art can add value to local economies – artists take specialists with them and create work

Several years ago I worked with Nathaniel Rackowe in the the Forest of Dean. Nathaniel developed the technology with Jason Welsby, to create ‘Spin’- a work made of electro-luminescent wire that creates a visual illusion of being a spinning 3D box high up in the air. That was in 2008 for Reveal (video). Since then Spin has been developed and has appeared in South America and now in New York.

It’s SO important that we remember that whilst delivery of a project is framed within a time span, according to the hatch-match-despatch way of funding projects, art lives much longer and doesn’t stop there. And the people that work with the projects continue to work together, and employ people. Art creates economy – as Dame Liz Forgan recently said: “The contribution to the arts from general taxation is a minute 0.05 per cent of the national budget, down from an exciting 0.07 per cent a year ago and lower than when Margaret Thatcher came to power. Last year the government’s grant in aid was £400 million. Add another £213 of Lottery players’ money (please note NOT government support for the arts) and the total came to £613 million. It got £26 billion back in gross value added by the cultural and creative industries.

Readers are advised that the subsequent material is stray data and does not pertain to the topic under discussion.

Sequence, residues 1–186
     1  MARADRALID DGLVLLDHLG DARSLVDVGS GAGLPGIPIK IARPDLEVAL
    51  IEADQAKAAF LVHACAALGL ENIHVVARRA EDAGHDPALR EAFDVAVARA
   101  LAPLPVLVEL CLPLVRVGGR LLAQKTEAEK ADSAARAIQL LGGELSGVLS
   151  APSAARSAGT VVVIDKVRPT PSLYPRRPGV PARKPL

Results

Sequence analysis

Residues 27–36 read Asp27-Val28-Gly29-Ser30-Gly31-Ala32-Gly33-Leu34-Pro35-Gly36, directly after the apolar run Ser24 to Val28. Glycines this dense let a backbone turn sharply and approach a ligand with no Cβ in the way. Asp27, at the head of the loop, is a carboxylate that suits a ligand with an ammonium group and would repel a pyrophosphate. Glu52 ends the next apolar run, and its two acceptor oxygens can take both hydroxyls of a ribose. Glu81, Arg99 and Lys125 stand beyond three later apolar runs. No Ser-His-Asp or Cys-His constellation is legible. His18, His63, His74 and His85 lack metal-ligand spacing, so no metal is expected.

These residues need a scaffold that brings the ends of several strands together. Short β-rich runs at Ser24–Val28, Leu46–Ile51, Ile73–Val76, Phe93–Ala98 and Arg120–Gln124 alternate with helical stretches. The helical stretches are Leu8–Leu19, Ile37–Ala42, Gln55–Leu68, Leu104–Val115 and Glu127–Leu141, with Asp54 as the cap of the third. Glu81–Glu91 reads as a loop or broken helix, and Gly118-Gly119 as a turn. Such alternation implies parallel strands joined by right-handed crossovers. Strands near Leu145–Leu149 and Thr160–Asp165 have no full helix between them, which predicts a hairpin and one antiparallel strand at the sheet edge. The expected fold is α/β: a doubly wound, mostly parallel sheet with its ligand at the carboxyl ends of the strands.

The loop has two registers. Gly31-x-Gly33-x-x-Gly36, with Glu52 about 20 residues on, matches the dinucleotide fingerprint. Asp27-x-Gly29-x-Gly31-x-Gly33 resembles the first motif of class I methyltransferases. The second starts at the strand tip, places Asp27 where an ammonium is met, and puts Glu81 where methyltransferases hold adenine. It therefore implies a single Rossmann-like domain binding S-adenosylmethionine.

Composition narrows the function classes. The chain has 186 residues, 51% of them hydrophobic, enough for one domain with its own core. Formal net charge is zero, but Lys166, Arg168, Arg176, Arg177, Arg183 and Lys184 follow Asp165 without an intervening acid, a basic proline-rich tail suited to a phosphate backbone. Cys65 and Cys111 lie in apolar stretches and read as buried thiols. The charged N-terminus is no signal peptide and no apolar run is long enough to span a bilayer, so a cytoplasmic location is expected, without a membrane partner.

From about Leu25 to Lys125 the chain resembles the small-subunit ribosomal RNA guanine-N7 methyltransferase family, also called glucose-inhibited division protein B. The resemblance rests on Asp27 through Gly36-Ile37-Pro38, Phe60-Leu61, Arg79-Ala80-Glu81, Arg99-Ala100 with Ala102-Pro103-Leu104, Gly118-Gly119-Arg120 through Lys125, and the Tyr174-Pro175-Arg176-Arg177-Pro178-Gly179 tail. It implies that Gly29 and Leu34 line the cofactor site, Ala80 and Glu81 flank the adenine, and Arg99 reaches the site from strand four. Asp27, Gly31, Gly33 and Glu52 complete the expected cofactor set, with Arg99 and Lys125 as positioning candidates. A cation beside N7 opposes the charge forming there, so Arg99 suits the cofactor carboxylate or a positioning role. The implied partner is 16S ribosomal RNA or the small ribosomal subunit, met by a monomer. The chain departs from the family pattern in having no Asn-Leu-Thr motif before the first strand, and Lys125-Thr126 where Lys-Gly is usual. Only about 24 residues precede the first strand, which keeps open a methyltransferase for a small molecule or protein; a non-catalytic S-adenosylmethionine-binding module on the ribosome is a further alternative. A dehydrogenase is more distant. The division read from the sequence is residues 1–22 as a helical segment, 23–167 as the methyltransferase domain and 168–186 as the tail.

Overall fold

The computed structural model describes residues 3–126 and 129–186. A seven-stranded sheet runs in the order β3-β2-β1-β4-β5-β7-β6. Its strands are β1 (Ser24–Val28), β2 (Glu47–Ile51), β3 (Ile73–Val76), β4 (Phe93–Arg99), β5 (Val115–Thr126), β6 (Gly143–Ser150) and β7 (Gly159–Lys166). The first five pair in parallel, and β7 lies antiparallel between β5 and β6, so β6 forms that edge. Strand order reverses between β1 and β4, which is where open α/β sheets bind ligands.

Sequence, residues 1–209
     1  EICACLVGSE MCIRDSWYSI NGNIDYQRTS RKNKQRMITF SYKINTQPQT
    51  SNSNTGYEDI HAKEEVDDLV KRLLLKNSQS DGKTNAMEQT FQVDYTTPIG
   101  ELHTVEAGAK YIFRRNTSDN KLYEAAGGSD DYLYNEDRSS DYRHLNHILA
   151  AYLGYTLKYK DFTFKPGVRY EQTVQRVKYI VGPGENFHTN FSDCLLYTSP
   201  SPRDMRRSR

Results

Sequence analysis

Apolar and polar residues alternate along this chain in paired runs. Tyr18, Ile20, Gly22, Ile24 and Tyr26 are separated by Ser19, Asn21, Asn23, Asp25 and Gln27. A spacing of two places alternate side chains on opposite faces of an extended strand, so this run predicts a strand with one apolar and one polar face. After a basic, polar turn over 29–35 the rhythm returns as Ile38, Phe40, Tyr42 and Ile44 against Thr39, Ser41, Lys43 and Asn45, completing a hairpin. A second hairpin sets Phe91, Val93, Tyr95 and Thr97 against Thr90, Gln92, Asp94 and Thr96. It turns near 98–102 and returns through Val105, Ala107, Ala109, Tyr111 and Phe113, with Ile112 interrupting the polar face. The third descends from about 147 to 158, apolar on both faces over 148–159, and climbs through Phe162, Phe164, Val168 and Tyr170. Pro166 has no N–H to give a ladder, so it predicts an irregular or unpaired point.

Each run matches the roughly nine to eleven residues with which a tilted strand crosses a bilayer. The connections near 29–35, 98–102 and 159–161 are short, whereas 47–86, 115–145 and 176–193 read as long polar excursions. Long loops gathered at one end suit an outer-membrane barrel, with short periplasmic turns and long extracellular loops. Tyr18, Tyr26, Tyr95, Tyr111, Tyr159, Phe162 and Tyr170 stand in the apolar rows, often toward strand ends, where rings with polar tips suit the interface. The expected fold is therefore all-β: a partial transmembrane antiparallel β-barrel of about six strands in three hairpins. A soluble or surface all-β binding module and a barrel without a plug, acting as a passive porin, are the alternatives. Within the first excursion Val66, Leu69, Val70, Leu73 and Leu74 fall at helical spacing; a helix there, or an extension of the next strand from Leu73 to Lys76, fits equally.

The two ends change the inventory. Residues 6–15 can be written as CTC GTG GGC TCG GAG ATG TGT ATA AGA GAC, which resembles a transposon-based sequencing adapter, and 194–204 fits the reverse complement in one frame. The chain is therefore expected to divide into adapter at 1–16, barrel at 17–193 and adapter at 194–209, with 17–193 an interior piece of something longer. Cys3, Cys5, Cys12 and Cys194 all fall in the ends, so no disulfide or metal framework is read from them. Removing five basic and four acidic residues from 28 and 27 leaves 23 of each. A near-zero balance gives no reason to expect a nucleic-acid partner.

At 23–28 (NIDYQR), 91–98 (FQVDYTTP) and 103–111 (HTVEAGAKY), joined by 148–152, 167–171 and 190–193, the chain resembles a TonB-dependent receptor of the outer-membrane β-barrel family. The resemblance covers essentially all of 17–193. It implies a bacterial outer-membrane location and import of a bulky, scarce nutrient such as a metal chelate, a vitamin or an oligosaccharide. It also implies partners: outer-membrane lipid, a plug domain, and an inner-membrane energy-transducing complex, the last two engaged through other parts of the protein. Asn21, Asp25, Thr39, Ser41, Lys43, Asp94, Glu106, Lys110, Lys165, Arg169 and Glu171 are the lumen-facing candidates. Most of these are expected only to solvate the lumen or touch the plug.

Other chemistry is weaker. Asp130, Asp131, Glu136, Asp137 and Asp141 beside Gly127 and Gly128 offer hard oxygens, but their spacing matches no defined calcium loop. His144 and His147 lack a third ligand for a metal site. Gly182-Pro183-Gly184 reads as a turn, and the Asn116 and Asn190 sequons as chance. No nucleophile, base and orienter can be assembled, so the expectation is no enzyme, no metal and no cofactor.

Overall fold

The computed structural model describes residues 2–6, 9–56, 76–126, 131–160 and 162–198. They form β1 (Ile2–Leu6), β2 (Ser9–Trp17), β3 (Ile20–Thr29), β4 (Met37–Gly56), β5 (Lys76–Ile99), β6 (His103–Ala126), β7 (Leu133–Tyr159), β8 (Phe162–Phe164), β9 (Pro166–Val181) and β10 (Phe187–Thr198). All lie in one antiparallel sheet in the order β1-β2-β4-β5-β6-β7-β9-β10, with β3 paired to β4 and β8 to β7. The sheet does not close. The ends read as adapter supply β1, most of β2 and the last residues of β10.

Spin by Nathaniel Rackowe in Lima

 

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